A group of Bay View High School students set out to map a neighborhood and ended up bringing the neighborhood together.
Their project grew out of a partnership involving the high school, Milwaukee Public Schools, the University of Wisconsin-Milwaukee’s Center for Urban Initiatives and Research (CUIR), and local community organizations Serve2Unite and Arts@Large.
The project began when a group of MPS administration staff, CUIR staff and community leaders got together to discuss a hands-on project that would focus on community engagement while introducing students to research and data collection. Bay View’s principal, Aaron Shapiro, and teacher Katrina Halsey immediately saw the value of this idea and offered four of Halsey’s world geography classes as a pilot.
The UWM CUIR team, Bay View teachers, Serve2Unite staff and MPS’s Service Learning Coordinator worked with 130 students in Halsey’s classes on the Youth Community Mapping/Service Learning project from January to June 2014.
Community mapping is an applied research method used to study a neighborhood closely to identify its assets and challenges, says Terry Batson, acting director of CUIR. “It’s a good way to engage young people in higher-level thinking and problem solving. It’s also a way to help them engage in research in a way that’s interesting to them.”
“We wanted to get them to look at their own neighborhoods with a critical eye,” adds Jessica Bizub, a researcher with CUIR.
The UWM researchers provided the students with training on how to collect data and build a community map.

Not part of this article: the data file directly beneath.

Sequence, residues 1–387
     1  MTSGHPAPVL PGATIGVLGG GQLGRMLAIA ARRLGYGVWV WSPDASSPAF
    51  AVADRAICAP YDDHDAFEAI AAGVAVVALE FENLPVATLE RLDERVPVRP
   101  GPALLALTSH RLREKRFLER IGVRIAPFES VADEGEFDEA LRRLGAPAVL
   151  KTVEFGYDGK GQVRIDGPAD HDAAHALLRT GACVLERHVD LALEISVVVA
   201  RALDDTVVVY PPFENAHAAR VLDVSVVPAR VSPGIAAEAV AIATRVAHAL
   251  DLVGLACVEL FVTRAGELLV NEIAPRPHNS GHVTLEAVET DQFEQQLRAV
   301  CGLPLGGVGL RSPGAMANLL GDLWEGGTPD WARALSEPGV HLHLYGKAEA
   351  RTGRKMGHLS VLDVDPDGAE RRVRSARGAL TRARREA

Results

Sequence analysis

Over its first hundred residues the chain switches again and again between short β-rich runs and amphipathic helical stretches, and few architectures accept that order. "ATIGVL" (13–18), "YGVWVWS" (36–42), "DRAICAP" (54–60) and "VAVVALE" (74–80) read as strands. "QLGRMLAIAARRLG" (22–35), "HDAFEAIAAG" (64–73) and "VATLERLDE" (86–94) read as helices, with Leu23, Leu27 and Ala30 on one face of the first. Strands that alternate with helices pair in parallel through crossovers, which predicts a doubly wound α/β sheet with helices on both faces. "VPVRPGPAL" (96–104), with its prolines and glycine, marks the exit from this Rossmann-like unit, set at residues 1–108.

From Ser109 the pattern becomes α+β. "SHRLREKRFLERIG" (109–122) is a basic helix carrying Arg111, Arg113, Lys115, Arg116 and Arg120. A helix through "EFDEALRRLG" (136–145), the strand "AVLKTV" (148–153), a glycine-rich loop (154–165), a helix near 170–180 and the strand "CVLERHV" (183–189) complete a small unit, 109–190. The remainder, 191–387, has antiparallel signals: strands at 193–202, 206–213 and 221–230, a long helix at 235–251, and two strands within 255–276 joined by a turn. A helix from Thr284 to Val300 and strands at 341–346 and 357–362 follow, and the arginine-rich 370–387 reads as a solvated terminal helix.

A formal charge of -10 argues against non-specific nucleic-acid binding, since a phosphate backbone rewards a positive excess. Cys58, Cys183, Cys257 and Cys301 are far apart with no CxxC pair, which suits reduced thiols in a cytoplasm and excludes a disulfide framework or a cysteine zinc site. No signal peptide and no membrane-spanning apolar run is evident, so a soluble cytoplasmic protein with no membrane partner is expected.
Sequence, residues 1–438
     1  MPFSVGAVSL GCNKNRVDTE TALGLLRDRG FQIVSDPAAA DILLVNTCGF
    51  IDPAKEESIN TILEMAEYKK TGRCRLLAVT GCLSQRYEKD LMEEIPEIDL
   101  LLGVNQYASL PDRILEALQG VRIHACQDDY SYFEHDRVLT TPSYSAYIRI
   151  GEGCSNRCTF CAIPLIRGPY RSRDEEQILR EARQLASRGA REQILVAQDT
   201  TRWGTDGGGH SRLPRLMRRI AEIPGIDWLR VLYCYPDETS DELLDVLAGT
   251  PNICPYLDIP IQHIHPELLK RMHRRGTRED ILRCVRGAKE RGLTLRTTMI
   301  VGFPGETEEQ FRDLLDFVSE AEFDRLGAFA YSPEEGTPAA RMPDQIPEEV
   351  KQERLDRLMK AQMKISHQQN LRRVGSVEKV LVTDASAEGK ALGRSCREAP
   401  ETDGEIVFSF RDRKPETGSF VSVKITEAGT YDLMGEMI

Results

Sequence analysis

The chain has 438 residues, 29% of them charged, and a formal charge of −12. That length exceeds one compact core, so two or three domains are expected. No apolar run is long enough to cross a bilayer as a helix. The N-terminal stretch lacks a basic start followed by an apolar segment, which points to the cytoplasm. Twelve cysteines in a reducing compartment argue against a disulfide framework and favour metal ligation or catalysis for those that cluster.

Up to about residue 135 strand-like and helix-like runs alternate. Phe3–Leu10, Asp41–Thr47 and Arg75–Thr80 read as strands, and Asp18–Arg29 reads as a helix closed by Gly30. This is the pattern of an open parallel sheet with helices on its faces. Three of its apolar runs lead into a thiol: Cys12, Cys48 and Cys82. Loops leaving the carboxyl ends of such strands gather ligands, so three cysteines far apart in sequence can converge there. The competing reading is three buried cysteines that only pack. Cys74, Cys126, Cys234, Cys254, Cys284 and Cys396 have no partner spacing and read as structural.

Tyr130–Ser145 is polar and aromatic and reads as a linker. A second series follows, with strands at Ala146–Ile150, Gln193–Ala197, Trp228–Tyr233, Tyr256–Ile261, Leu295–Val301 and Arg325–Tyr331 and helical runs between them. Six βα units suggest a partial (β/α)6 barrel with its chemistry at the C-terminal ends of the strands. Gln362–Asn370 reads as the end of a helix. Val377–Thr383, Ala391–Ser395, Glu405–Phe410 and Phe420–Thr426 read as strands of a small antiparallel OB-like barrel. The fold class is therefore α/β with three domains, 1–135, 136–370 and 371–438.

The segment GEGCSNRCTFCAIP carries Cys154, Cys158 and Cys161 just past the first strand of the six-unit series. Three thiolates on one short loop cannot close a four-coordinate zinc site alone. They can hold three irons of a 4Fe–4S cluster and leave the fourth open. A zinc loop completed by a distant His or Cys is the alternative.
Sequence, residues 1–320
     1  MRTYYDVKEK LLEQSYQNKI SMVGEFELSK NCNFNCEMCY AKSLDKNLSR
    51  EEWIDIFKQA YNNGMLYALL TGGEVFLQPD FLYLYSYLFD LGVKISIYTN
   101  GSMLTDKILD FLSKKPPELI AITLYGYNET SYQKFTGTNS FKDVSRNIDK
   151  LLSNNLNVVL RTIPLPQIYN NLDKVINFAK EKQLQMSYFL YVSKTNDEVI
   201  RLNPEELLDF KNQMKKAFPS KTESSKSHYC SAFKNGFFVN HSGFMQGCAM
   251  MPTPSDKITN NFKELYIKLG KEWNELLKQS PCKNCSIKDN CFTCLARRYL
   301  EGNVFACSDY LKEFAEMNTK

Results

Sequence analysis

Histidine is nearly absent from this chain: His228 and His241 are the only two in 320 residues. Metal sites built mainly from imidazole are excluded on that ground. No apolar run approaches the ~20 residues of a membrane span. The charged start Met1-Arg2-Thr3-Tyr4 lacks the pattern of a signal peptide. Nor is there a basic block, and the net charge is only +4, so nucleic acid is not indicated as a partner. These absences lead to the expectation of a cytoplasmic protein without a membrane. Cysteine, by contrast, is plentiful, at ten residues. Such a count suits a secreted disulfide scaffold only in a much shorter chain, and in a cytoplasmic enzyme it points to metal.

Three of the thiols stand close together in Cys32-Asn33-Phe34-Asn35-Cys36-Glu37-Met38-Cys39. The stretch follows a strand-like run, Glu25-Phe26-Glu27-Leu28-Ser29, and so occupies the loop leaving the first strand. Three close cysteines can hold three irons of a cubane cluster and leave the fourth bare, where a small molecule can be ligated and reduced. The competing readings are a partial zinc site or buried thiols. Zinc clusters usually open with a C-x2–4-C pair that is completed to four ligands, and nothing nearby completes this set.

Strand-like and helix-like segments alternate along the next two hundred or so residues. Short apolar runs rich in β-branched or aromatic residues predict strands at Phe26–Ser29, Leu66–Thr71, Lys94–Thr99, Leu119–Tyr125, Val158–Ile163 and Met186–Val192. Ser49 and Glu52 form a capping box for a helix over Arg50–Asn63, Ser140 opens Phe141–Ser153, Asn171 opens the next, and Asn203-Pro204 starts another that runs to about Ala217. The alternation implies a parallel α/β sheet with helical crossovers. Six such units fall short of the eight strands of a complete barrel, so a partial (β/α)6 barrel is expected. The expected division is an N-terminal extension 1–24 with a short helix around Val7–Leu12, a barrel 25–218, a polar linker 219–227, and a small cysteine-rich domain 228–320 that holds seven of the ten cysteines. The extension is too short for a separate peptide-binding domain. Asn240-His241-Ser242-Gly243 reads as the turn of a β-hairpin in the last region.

After hearing presentations from community organizations in the Layton Boulevard West neighborhood, the students worked in small groups to identify neighborhood challenges that could be mapped.
They decided to look at four key concerns:
- Youth-friendly places
- Walking safety
“We were a little skeptical that the students would be able to map something as vague as trust,” says Batson.
But the students decided that if a lot of people had alarm systems, bars on windows and neighborhood watch signs, all of which could be mapped by address, it could be seen as a sign of concern for safety, but could also represent a lack of trust in their neighbors.
With the help of a GIS (Geographic Information System) mapping specialist at CUIR, the young people worked in nine teams, with three mappers.
One mapped trust, another potholes and the third, youth-friendly places. Then, all the team maps were combined, one for trust, one for potholes and so on.
The trust map had an extraordinary number of dots at addresses, says Batson. “It was loaded with dots in all areas, but particularly near National Ave. “
There were very few potholes on the full neighborhood map and very few youth-friendly places on the youth-friendly map. Potholes clearly were perceived as a problem by community organizers, but the data indicated they were not, according to Batson.
The students discussed the lack of youth friendly places as a problem, but decided to focus on trust because they could have a response to it in the form of a service learning project, Batson adds.